Country of birth information is classified according to the Standard Classification of Countries (SACC), Second edition (cat. no. 1269.0) (see Explanatory Notes, paragraph 82).
Crude imprisonment rates
Crude imprisonment rates are calculated by dividing the number of prisoners in the reference period, by the total adult population, multiplied by 100,000 to give a crude rate per 100,000 adult population. Crude rates measure the actual rates of imprisonment and are not adjusted for any differences in population structures that may influence the rates. As such, it is preferable to use age standardised rates when comparing rates of imprisonment for Aboriginal and Torres Strait Islander and non-Indigenous populations.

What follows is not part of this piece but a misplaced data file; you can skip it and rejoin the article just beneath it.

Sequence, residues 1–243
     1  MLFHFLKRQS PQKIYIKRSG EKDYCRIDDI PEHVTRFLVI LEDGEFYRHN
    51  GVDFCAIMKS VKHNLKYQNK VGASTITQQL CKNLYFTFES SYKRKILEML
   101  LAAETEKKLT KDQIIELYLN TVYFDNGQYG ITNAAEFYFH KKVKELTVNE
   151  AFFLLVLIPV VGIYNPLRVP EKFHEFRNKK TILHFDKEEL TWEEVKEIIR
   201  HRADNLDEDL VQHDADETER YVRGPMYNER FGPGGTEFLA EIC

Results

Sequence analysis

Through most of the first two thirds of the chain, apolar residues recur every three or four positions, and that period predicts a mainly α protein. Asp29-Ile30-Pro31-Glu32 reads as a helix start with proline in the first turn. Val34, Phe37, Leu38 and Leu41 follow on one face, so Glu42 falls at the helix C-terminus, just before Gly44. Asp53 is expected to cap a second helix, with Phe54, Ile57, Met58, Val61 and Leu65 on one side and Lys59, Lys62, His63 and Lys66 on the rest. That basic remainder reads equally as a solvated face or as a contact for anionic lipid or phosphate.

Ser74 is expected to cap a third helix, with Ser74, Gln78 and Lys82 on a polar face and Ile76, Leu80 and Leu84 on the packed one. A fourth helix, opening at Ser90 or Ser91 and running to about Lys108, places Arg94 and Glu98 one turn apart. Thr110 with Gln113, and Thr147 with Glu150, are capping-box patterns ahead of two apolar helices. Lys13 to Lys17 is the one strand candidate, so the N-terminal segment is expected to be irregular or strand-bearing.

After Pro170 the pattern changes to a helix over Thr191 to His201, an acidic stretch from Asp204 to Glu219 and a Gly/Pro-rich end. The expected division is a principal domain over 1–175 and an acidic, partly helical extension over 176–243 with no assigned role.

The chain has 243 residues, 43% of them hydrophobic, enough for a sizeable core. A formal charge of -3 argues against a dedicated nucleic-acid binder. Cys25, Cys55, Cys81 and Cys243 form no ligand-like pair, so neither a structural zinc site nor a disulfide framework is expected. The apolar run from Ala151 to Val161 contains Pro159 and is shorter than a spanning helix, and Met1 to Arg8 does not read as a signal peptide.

Dangerous or negligent acts endangering persons
Dangerous or negligent acts which, though not intended to cause harm, actually or potentially result in injury to oneself or another person.
Date of reception
The date the prisoner was received into prison for the current episode.
A continuous period of imprisonment (see Explanatory Notes, paragraphs 13–14).
Expected time to serve
The period of imprisonment that a convicted prisoner is expected to serve. In most cases this refers to the time between the date of reception for this episode and the earliest date of release (see Explanatory Notes, paragraphs 17–46). This is also the minimum sentence length for a convicted prisoner for the current episode.
An offender on parole, in the community (i.e. not in custody) who is under the authority of the corrective services agency, with at least one offence against Commonwealth/federal legislation that has an associated Commonwealth parole order, in the current episode.